13 November 2009 My Agency
I threw out some generic ideas and buzz words, and of course it wasn’t until I was on my way home that an idea hit me.
There is a fundamental problem with the agency/client relationship. Agencies are constantly forced to compromise on pieces of communication for client approval. It makes economic sense because without happy clients there’s no one to pay for the expensive furniture in the office. But, it does mean the communication is not at its most effective. It seems to me, the two parties in this relationship have almost opposing objectives. These differences are usually overcome by settling somewhere in the middle. An area of compromise.
So if I started an agency today, perhaps its motto would be “No Compromise”. At all. If the client wasn’t 100% happy with the work, then we wouldn’t work with them. It’s either take it, or leave it.
Financially, it’s never going to happen. But it does ensure only the best work is ever done.
Unfortunately, it doesn’t overcome the fact this is an industry where success is determined and therefore influenced by awards. But maybe it’s the start of a conversation worth having.
RusselPosted at November 14, 2009 8:31am, 14 November
Just what the industry needs – some generic ideas and buzz words.
adam.jaffreyPosted at November 14, 2009 11:16am, 14 November
Indeed Zac, but isn't every industry limited by what we know as "budgets"?
Zac MartinPosted at November 14, 2009 1:04pm, 14 November
There's a complete new idea somewhere in that.
The client does not come to the agency with a budget. Instead, the agency creates the campaign and then determines its budget.
Again it's riddled with problems, but how much money is unnecessarily overspent or how many ideas are killed because there isn't enough money behind it?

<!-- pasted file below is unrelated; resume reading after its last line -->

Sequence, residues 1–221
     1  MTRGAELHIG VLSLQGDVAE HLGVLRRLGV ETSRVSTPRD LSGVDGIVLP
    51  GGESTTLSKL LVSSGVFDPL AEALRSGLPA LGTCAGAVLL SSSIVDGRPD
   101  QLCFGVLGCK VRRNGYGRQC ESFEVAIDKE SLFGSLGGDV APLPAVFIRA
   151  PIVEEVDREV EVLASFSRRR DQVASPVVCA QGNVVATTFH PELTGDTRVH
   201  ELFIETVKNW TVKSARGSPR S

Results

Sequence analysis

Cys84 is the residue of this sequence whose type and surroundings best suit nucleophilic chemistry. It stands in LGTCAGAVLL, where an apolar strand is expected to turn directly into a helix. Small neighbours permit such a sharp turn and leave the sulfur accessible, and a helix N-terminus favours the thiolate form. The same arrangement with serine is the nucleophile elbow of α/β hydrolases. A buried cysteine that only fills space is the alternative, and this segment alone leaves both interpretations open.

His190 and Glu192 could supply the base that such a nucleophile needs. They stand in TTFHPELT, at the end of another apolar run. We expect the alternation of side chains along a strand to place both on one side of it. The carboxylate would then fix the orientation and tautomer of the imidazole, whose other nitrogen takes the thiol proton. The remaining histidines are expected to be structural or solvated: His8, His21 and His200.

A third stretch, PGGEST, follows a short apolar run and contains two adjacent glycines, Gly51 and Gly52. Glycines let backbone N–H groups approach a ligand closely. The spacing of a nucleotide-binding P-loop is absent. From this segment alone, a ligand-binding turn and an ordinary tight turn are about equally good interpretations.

BennPosted at November 14, 2009 4:35pm, 14 November
Agencies aren't forced to do anything. Weak minded individuals and those with poor relationships are forced.
If you have an honest, open and strong relationship between client and agency then there's no forcing, it becomes a truly collaborative effort.
The only time there may be compromise is when there are timing and budget issues. However, you shouldn't be presenting something back that doesn't meet the brief. Challenging the brief is one thing, but presenting a $1m campaign execution when you've only got $200k for all components is a little silly.
laurenPosted at November 15, 2009 12:40pm, 15 November
so did you call your meeting peeps back and tell them your idea? were they 100% happy with it?
Zac MartinPosted at November 15, 2009 12:47pm, 15 November
Oh no, it was just a chat shooting some ideas. =P
marekPosted at November 15, 2009 4:50pm, 15 November
I agree with Benn 100%.
In addition I would say one thing.
Where you say Zac "opposing objectives" – that is not quite right.
If you really really get their business, including the constraints they have imposed on them and thus on the agency, then you'll find a way to make a brilliant piece of work.
Daniel OystonPosted at November 20, 2009 8:22am, 20 November
Or you could just ensure you have enough work in your pipeline so that if you are both not 100% then there will be other work to pick up.
Also, I think the “no compromises” stand can be softened if you ensure a proper buying vision is created at the start.
I agree with Benn … there are a lot of weak minded individuals who will compromise because they don’t want to have uncomfortable conversations.
AnonymousPosted at December 8, 2009 2:27pm, 08 December
I've worked in agencies for over ten years and clients usually always, at least roughly, have a budget coming in… the agency doesn't determine it.